It turns into:

"Good," Alexander said, "why should you be?"

There was also the issue of run-on sentences and some over elongated paragraphs. Like the paragraph with Fiona and describing Adam and Eva plus the ROTC Clique part of them. It at one point took up my entire phone screen and there was an obvious break where it could be divided into two paragraphs. Also, there were too many adverbs. Adverbs are supposed to be used sparingly when necessary. You can easily use a descriptive noun/verb or even some sort of sentence or action to show the same thing. And a lot of the times it sounds better.

Another thing that should be used sparingly when necessary is exclamation marks. When i first started out, there were times I was an offender to this rule. But in one sentence, there was three exclamation marks in one paragraph. One does the same thing, and it can also be shown she's chipper through the way she talks, word choice, what words you choose to emphasize through italics, and even your dialogue tag/surrounding actions. Words can be more powerful in that sense than the mark.

Like in:

She swung the door open, out of breath, and took her usual place at the bartop. "One cherry coke with extra cherries!" She told the server enthusiastically. It took her a moment before she even realized Hera was beside her. Hera was unusually quiet with her head on her fist, staring off into space. "Hello Hera! You look dreamy!" Fiona giggled and hugged her.

For one thing, this should be two seperate paragraphs. After Fiona says her order to the server, it should break up once it begins describing Hera and her dreamy presence. Coke, because it's a proper noun since it's the actual name of the drink, should be capitalized. But, since you emphasized with the dialogue tag she was chipper - also in the entire chapter - the exclamation mark isn't needed. With her greeting to Hera, it could work just fine, only needing to add a comma before her name since Fiona's talking to her and not about her. And then take away the mark after her mentioning how she appeared dreamy with a period instead.

For the last sentence, something like this:

"Hello, Hera! You look dreamy." Fiona giggled and hugged her.

Your vocabulary is superb and you use a wide variety of words, though at times it could be bolster by a little more detail in certain places. The way you show everyone's grieving process makes them more unique in the way that not everyone grieves visiably or even in the same ways. Like Camila bottling it in and Hera going through the motions and also Fiona being a sobbing mess.

There were some moments your dialogue felt a little off, like it could have benefited from a better word choice and also some of your narrative sentences as well. Like you probably already know, word choice is key in a novel. And it especially so in dialogue. You dialogue as a whole is very well done though.

While I love the way you've worked and developed your characters. Their motivations were missing at times. We know the most about Hera and Alexander. Hera loves Alexander, not believing he loves her back, and essentially goes through the motions without seeming to want to be a Plastic Clique Leader. Alexander thrives as the leader of the Honors Society/Student Council type Clique and wears his title with pride like his family before him. Like Camila said, he rules their world. He doesn't like Celestine and wants the legacy of the Clique held by someone reputable, like Daisy. Why he's taking her under his wing. And we also know Camila takes a special interest in helping the younger classmen, especially helping them stay away from assholes like Luke.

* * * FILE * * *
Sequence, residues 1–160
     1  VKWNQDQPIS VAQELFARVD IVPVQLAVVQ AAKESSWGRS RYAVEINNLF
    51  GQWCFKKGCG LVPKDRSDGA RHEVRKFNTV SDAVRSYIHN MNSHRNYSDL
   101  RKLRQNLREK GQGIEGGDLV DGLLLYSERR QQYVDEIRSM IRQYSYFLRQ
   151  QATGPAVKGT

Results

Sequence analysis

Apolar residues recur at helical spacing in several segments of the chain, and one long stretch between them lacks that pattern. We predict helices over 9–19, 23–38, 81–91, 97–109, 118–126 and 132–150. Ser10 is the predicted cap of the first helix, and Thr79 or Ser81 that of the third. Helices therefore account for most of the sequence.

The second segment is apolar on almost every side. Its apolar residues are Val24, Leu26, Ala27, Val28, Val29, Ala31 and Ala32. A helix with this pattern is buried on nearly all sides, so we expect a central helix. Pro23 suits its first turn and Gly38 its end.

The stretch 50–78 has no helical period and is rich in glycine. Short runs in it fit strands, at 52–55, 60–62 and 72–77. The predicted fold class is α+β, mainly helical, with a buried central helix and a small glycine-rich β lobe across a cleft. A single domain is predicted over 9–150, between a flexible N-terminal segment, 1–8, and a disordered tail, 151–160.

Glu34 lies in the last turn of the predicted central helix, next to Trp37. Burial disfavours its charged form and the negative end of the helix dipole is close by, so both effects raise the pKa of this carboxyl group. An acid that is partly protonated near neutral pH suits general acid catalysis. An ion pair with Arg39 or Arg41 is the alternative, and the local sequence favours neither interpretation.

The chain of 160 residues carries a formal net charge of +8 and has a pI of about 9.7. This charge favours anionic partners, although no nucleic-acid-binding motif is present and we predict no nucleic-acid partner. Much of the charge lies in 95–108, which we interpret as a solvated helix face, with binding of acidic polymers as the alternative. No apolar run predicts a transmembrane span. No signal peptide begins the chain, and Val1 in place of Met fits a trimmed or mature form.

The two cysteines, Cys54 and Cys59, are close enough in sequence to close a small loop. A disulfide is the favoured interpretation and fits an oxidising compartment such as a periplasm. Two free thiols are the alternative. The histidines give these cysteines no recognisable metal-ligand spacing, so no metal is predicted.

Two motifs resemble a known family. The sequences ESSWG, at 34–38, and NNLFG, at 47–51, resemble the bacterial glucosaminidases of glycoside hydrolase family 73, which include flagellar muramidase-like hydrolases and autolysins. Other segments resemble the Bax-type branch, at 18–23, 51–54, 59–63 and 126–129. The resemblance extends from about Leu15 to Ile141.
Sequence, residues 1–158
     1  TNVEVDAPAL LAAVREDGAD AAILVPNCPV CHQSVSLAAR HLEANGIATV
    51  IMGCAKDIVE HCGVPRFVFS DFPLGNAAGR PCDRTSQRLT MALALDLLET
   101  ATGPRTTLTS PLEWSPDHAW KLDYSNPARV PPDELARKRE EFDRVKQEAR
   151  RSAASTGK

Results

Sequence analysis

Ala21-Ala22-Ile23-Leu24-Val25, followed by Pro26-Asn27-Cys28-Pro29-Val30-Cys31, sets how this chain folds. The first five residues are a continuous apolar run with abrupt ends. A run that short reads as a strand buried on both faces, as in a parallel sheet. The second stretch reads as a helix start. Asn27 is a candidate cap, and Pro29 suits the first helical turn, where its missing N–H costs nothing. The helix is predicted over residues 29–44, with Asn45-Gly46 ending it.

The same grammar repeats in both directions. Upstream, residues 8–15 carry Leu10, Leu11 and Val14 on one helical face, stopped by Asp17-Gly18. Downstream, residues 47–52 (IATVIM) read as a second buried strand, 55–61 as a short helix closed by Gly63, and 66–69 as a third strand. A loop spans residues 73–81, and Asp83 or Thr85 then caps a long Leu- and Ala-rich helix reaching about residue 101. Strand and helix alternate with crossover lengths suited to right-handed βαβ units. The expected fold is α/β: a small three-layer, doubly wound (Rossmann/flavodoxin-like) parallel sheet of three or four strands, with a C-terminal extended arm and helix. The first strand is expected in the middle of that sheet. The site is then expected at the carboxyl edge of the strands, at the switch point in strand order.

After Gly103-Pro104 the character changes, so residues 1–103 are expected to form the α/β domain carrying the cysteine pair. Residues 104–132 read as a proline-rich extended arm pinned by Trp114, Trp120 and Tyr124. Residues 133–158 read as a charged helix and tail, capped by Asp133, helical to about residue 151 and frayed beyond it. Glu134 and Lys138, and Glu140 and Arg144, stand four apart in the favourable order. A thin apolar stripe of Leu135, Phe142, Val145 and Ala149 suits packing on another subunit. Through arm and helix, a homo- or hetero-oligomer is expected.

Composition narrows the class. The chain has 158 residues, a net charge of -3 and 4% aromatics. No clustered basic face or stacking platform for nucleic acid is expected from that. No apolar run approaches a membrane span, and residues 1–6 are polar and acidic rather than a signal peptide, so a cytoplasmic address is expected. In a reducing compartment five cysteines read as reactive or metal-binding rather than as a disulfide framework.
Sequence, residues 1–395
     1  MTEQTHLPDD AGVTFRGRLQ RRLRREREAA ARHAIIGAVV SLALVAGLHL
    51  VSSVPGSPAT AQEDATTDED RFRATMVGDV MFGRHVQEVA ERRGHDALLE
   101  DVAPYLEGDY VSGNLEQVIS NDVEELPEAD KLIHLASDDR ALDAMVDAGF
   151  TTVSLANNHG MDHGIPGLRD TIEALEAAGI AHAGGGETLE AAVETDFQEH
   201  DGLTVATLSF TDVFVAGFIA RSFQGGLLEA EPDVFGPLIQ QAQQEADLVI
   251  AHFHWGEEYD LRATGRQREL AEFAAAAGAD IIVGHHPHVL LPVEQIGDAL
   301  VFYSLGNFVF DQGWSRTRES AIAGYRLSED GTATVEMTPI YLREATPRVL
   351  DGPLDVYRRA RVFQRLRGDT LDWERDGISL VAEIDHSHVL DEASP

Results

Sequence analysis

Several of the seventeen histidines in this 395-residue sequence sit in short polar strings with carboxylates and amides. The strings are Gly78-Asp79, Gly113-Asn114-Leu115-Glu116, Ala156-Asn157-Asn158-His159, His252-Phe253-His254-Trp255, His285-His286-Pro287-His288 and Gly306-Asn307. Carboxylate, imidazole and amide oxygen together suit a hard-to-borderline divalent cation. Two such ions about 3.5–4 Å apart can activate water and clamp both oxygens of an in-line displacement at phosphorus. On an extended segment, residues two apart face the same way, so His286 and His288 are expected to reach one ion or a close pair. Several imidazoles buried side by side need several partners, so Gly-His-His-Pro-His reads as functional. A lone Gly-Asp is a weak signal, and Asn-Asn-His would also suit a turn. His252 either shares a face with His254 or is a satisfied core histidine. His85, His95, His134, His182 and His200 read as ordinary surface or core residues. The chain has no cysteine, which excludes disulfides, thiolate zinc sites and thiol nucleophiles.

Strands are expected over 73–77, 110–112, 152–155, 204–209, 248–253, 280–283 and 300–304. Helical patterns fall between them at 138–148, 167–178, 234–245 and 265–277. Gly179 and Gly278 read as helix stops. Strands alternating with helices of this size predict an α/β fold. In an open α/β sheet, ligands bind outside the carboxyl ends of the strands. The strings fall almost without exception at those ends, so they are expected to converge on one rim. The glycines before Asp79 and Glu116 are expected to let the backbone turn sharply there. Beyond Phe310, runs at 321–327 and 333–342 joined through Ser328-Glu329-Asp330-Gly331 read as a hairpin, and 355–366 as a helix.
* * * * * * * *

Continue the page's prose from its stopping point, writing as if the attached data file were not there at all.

At times, it feels like with some we truly don't know what drives them. Their ambitions. I don't know if you meant for this to be vague for us to slowly unfold later on, but just something to watch out for. Like I said, I still enjoy and like your characters regardless. Especially Hera, her potential backstory with Luke, and maybe even Alex finally admitting his feelings for her because she deserves a man that treats her like a queen and will shout he loves her from the rooftop. Camila is a badass and I really want to see her succeed as a female Clique Leader of the Jocks. Not only because she's a female in a male dominated area but also because she's a badass and I believe she can handle it well from the way you portray her in the novel. Worried though that Angelica will loose her innocence too soon, but in this school environment it was bound to happen.

When you mentioned the spiked Capri Sun, you kept forgetting to captialize the other part of its name. Think of it how we capitalize both United and States in United States. I lived off that drink when I was younger, and now your book makes me want to try it the way Lucas made it, no lie.

Like I mentioned before, some of your words could be replaced by more descriptive words. Not all the time do you need to use words like 'pulled their blazers over their shoulders' instead of 'put on' but when you use the same 'bland-ish' type words over and over again without any change up, it can get too boring/repetitive. But using the more descriptive words and phrases at times bolsters your story and helps morph the image you want in your readers head.

Like I've said multiple times, I love this story. I'm invested in this story. And I will see it until the end. Your characters are so captivating, even the more bitchy ones, and I want to find out each of their endings. You are so talented and I can't wait to read more of this story and more by you in the future. Congrats on uploading this novel and crafting it so well with multiple main leads. Your story is awesome and thanks for requesting this story be reviewed in the story. Hope this helps any!

Thanks for reading and if you want your novel reviewed and given feedback on it, comment it down below. Again, only comment your books, not others. Hope you enjoyed and hope this helps any. Happy reading and happy Thursday!